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What are the most common causes of infertility in men and women?

Infertility, a common concern for couples aspiring to parenthood, can arise from various factors impacting both men and women. These encompass hormonal irregularities, structural hindrances, lifestyle choices, and age-related effects. This overview highlights the fundamental causes that often underlie challenges in achieving conception.


  1. Ovulatory Disorders: Irregular ovulation or lack of ovulation is a common cause of female infertility. Conditions like Polycystic Ovary Syndrome (PCOS) and hypothalamic dysfunction can disrupt the normal ovulation process.

  2. Tubal Issues: Blockages or damage to the fallopian tubes can prevent the egg from reaching the sperm or the fertilized egg from traveling to the uterus for implantation. Pelvic inflammatory disease or previous surgeries can contribute to tubal issues.

  3. Endometriosis: This condition occurs when tissue similar to the uterine lining grows outside the uterus, leading to inflammation, pain, and adhesions. Endometriosis can affect fertility by impairing egg quality, implantation, and pelvic anatomy.


  1. Low Sperm Count: A low sperm count (oligospermia) or complete absence of sperm (azoospermia) can significantly impact male fertility. Causes include hormonal imbalances, genetic factors, and lifestyle choices.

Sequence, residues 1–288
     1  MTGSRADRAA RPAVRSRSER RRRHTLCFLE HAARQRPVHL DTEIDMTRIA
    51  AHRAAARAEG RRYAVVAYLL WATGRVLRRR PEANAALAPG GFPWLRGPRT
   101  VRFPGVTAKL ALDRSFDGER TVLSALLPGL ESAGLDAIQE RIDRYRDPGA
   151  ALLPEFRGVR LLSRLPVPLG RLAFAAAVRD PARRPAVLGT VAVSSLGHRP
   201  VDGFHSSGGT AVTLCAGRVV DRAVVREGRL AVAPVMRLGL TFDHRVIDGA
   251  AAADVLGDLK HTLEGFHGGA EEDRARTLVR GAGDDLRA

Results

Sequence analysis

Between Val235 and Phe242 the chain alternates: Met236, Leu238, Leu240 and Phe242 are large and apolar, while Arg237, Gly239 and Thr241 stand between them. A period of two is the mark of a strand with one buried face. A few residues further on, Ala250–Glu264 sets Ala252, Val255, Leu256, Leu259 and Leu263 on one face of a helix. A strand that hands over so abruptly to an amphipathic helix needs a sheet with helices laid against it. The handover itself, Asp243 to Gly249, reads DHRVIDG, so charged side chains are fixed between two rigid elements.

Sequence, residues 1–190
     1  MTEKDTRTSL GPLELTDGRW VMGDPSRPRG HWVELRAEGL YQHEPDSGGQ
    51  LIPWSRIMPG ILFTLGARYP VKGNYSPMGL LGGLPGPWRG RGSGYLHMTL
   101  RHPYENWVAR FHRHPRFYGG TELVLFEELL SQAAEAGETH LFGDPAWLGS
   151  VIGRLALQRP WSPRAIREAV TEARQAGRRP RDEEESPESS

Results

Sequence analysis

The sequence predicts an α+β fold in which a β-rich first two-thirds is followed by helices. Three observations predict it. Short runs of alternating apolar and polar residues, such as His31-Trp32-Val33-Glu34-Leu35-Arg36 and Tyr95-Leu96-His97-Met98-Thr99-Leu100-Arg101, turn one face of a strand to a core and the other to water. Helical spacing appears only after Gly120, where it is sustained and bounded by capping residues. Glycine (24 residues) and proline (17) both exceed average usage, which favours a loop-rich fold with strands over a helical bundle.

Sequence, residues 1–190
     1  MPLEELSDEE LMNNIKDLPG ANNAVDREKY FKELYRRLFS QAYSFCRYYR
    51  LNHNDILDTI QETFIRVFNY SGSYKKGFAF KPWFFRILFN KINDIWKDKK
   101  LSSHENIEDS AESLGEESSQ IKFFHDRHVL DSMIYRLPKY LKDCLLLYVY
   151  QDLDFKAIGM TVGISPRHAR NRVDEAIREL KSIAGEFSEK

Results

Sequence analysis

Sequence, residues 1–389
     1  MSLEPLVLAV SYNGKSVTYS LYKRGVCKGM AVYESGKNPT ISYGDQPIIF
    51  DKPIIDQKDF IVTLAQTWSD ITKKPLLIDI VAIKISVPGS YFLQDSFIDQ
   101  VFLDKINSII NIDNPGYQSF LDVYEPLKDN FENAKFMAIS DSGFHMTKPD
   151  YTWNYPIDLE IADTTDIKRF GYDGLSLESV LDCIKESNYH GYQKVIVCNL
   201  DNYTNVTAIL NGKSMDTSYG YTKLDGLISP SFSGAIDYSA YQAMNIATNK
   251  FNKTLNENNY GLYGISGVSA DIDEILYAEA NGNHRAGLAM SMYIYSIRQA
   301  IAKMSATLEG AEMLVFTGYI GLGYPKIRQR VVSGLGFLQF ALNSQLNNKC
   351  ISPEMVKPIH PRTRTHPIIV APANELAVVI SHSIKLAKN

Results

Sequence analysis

2. Poor Sperm Motility: Sperm need to be able to swim effectively to reach and fertilize an egg. Poor sperm motility (asthenospermia) can hinder this process and reduce the chances of successful conception.

  3. Abnormal Sperm Morphology: Sperm with abnormal shapes or structures (teratospermia) may have difficulty penetrating and fertilizing an egg.


  1. Age: Advanced age can affect fertility in both men and women. Women experience a decline in egg quality and quantity, while men may have reduced sperm quality as they age.

  2. Unhealthy Lifestyle Factors: Smoking, excessive alcohol consumption, obesity, and poor diet can all negatively impact fertility in both genders.

  3. Underlying Health Conditions: Chronic conditions like diabetes, thyroid disorders, and autoimmune diseases can affect fertility in both men and women.

  4. Stress and Psychological Factors: Chronic stress and psychological factors can disrupt hormonal balance and the reproductive process in both genders.

  5. Unexplained Infertility: In some cases, despite thorough testing, the cause of infertility remains unknown. This can be frustrating for couples seeking answers.

While the aforementioned factors represent common causes of infertility, it's important to acknowledge that this landscape is intricate, with various other contributors.


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